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Animal nonprofits like Gateway Pet Guardians exemplify why moving beyond rescue to comprehensive, community-based sheltering saves more pets

Those of us focused on solving the specific problem of dogs and cats being killed in shelters rarely characterize our work using the word “rescue” because it’s not all that relevant to most of what we do. Our work is about saving lives, supporting communities and reframing the role of animal shelters in that space.

Yet for many animal lovers around the country, the familiar notion of “rescuing” cats and dogs persists, and I can certainly understand why. It’s steeped in altruism and compassion, often attached to catastrophic events like Hurricane Katrina, and directly tied to all things heroic. But the work that Best Friends and thousands of incredible lifesaving partners around the country engage in today isn’t anchored by the idea of rescue, but rather by something far more complex.

The no-kill movement understands that the key to saving lives and helping pets is setting up shelters to be facilitators and hubs for providing essential resources and support networks for pets that aren’t dependent on simply taking an animal to the shelter to find a new home. Many things can help ensure pets’ quality of life and keep them from entering shelters for rehoming. Examples include community pet food pantries, accessible and affordable spay/neuter and veterinary support, behavior and training help, neonatal kitten diversion programs, more comprehensive counseling for people with pets and even simple things like fencing repairs.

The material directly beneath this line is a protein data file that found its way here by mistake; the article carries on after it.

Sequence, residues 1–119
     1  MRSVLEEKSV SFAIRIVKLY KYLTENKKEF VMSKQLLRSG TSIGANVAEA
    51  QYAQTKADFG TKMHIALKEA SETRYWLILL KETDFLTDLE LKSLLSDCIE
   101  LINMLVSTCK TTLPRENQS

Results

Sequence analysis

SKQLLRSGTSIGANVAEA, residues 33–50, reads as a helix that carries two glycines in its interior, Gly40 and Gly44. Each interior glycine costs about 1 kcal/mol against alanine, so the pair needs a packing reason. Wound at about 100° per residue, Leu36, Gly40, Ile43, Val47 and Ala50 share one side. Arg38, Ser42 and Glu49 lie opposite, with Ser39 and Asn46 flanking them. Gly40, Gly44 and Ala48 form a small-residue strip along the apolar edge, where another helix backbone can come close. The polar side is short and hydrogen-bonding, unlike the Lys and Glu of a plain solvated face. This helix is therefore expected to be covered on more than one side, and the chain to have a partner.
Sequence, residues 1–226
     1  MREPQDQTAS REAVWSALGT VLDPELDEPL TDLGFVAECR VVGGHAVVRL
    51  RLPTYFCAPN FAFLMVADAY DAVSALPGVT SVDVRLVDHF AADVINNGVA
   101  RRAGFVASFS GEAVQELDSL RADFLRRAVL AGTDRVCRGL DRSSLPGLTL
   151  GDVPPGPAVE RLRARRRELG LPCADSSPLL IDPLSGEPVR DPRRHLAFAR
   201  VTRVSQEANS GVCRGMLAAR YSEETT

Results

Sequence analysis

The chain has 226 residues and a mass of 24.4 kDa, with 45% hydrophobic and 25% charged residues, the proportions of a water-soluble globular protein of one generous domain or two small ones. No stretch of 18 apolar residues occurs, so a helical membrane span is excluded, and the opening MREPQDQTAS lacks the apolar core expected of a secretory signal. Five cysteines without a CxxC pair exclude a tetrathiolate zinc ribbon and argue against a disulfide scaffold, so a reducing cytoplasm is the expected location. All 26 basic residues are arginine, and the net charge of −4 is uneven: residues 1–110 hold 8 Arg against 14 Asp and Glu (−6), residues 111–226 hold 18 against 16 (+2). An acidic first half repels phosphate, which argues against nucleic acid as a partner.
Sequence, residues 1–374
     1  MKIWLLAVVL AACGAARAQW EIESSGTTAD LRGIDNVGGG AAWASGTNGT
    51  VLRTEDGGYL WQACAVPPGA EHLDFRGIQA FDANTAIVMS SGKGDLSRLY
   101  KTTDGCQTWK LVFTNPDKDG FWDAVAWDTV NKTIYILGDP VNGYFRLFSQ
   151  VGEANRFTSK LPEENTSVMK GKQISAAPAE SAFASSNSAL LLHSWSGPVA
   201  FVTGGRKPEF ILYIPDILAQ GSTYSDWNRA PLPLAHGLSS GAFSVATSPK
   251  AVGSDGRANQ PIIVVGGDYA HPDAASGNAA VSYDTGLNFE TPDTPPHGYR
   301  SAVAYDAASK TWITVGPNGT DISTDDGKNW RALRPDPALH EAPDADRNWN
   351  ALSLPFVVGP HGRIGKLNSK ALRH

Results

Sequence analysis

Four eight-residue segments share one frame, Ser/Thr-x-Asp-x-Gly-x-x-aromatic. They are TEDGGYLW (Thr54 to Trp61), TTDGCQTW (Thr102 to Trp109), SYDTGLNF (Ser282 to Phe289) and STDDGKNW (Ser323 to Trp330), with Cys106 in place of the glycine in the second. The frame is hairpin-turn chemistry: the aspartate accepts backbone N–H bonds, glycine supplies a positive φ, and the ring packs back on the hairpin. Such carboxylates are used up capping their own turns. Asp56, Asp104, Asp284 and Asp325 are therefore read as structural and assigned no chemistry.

Focusing on this community-minded lifesaving model is what led to plans for the Best Friends Pet Resource Center in Northwest Arkansas. The emphasis is on creating a place defined by providing services and support for pets and their families over the course of their lives together. Ensuring that people have everything they need to provide a happy, healthy future for the animals in their lives — whether they are dogs and cats in homes or neighborhood community cats — is the name of the game, not “rescue.”

In this country, countless amazing nonprofit animal organizations, many of which might even self-identify as “rescue groups,” have built their lifesaving models on providing critical support and resources to people with pets in the communities they serve. One exquisite example is the work of Gateway Pet Guardians in East St. Louis, an area where essential resources like veterinary clinics, groomers, grocery stores and pet supply stores are lacking.

The group’s new pet resource center (opening soon) is designed to serve and be accessible to the nearly 65,000 residents living there. It represents the community-centered, community-driven model of lifesaving needed to keep pets with their families and achieve no-kill nationwide by 2025.

Current discussions emphasizing the social services model of sheltering are also a critical part of this focus on community-based lifesaving, as are advocacy and legislative efforts focused on issues like puppy mills, breed-discriminatory housing policies and counterproductive cat ordinances that could prevent the need for “rescuing” animals in the first place.

While they might not have that same romantic ring that “rescue” does, pet resource centers and community-based lifesaving will be the trending topics in our animal-loving movement this year, next year and for the foreseeable future. No-kill nationwide by 2025, here we come!

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Julie Castle, CEO of Best Friends Animal Society Julie Castle
CEO
Best Friends Animal Society